Why are carrots orange? It is political

Van Mensvoort
August 16th 2009

No, the image above does not show some collection of freshly genetically designed hypercarrots in various colors of the rainbow. This is the spectrum of colors carrots used to have – and in some regions of the world you can still find white, yellow, red and purple carrots. In most countries however, carrots tend to be orange nowadays. Why is that?

Allegedly they are orange for entirely political reasons: in the 17th century, Dutch growers are thought to have cultivated orange carrots as a tribute to William of Orange – who led the the struggle for Dutch independence – and the color stuck. A thousand years of yellow, white and purple carrot history, was wiped out in a generation.

Dutch growers are thought to have cultivated orange carrots as a tribute to William of Orange – and the color stuck.

Although some scholars doubt if orange carrots even existed prior to the 16th century, they now form the basis of most commercial cultivators around the world. Presumably crosses between Eastern (purple), Western (white, red) and perhaps wild carrots led to the formation of the orange rooted carrot sub species. Turkey is often cited as the original birthplace of the hybrids (or mutations) of the two groups.

Whatever the origins, the Long Orange Dutch carrot, first described in writing in 1721, is the forebear of the orange Horn carrot varieties so abundant nowadays. The Horn Carrot derives from the Netherlands town of Hoorn in the neighborhood of which it was presumably bred. All our modern, western carrots ultimately descend from these varieties. Hypernature avant la lettre.

Update april 2020: Since the original story was published in 2009, new genetic research concludes the Dutch probably cultivated the orange carrot in the 16 century already – Holland was the leading agricultural nation at the time and it would take decades for a new variety to stabilize. After the Dutch adopted orange as its the national color, the orange carrots was added to the list of items “dedicated” to the royal family. The orange carrot came first - the Royal family dedication second. Source: Carrot Museum (original 2009 source).

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31 comments

Charlotte
Posted 22/04/2020 – 23:42

Thank you so much for your research; I would never have thought of carrots as anything but orange, now I have to see if I can find the other varieties. I know that tomatoes come in different colors and those are coming back as Heritage Tomatoes. It's strange eating a white tomato that tastes like a red one; we usually think of white tomatoes as just beginning to ripen. Thanks again for all your hard work.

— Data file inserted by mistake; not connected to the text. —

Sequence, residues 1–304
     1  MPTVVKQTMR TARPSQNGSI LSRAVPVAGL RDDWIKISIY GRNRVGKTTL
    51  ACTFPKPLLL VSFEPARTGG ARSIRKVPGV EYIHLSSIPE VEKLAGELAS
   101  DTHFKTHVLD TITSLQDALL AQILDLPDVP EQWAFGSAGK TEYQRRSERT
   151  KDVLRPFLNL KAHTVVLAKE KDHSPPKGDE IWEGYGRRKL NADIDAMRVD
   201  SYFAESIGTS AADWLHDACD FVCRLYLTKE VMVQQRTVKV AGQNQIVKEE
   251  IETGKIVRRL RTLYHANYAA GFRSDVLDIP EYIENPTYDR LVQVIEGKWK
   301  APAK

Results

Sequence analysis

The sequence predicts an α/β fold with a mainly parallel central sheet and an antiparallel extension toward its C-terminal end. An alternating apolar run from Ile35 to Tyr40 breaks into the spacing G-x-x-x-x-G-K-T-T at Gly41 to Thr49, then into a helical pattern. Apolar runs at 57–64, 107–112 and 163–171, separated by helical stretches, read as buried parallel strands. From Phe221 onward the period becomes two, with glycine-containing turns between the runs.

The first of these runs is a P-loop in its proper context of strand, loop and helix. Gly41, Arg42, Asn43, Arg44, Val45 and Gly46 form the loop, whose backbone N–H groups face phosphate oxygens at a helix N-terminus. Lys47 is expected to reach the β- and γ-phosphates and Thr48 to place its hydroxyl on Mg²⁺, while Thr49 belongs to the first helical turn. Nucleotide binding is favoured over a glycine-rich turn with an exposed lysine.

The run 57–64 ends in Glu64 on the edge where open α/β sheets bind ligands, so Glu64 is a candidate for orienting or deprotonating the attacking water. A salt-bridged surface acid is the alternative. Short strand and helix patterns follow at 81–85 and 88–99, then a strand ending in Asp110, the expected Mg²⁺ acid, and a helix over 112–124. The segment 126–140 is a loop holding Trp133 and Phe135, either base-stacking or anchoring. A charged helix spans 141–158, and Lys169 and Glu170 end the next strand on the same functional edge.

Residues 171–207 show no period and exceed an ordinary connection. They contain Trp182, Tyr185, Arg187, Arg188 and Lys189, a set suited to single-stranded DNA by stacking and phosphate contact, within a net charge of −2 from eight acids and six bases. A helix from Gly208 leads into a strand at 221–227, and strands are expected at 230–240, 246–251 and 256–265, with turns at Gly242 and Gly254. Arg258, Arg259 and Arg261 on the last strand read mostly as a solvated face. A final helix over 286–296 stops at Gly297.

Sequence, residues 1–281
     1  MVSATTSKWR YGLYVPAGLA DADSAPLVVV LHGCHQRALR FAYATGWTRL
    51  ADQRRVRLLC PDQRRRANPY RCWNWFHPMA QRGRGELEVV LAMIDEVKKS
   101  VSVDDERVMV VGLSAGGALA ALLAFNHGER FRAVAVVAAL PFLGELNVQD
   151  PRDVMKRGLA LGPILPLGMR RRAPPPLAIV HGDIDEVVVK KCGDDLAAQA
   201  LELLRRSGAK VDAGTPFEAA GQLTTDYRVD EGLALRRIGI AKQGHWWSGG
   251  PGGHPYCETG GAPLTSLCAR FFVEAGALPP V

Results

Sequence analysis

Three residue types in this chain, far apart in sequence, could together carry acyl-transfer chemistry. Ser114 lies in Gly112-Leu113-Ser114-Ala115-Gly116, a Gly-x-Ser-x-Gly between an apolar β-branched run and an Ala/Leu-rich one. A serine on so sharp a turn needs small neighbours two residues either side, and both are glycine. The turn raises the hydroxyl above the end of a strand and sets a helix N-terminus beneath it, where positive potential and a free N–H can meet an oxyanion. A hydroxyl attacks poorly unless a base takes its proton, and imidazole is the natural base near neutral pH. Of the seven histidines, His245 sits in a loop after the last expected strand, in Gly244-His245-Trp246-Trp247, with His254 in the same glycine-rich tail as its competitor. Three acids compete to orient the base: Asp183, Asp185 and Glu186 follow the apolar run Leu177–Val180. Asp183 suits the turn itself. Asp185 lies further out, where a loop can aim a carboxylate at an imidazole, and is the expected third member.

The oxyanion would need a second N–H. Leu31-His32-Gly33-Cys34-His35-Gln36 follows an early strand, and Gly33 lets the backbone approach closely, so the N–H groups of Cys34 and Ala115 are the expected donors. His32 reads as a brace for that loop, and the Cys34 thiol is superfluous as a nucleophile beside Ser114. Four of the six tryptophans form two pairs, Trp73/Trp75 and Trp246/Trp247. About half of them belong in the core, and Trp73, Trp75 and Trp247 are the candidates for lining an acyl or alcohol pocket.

God Bless,
Charlotte

John Stolarczyk, Curator of the World Carrot Museum
Posted 16/04/2020 – 12:23

Please do quote the World Carrot Museum as your source.

These "quotes" are NOT true and not sourced from the Museum

1. Dutch growers are thought to have cultivated orange carrots as a tribute to William of Orange – who led the the struggle for Dutch independence – and the color stuck. - the dutch myth is exploded in the Museum - there is NO documentary evidence for it.

2. Presumably crosses between Eastern (purple), Western (white, red) and perhaps wild carrots led to the formation of the orange rooted carrot sub species.

Orange carrots were developed from yellow varieties. Current genetic research has prove this categorically. Orange varieties probably originated in Spain from seeds and plants from the Arab world.

Yellow White and Purple carrots have not been "wiped out in a generation" - where did this "fact" come from? All SIX colours regularly appear in stores and farmers markets, week in and out!

Van Mensvoort
Posted 19/04/2020 – 10:53

Thank you for pointing this out John. Please note that this story was written over 10 years ago and back then the Carrot Museum page it sources had less information. https://web.archive.org/web/20090321072932/http://www.carrotmuseum.co.uk/history5.html I have now updated the page with the updated information that the orange carrot was most probably bred by the Dutch long before orange became their national color. Hope this is helpful.

Also it is is striking that today you can find multiple colors in supermarkets. In 2009 when the story was written it was orange all over. Same with tomatoes that back then were mainly Ferrari red, but can nowadays be bought in many more sizes and colors. It is good to see diversity increased there.

John Stolarczyk
Posted 21/04/2020 – 10:46

Not strictly true. That archived page actually shows a photo of the multi colored carrots. I have been growing them since before the millenium and have been in the stores since then.

Van Mensvoort
Posted 21/04/2020 – 11:05

Sure John, the colored carrots were grown and available in many regions of the world. But am I right to think the have become more popular in supermarkets over the last decade, or is that just my perceptual bias?

Oliver
Posted 03/04/2020 – 11:12

What does the wind do?

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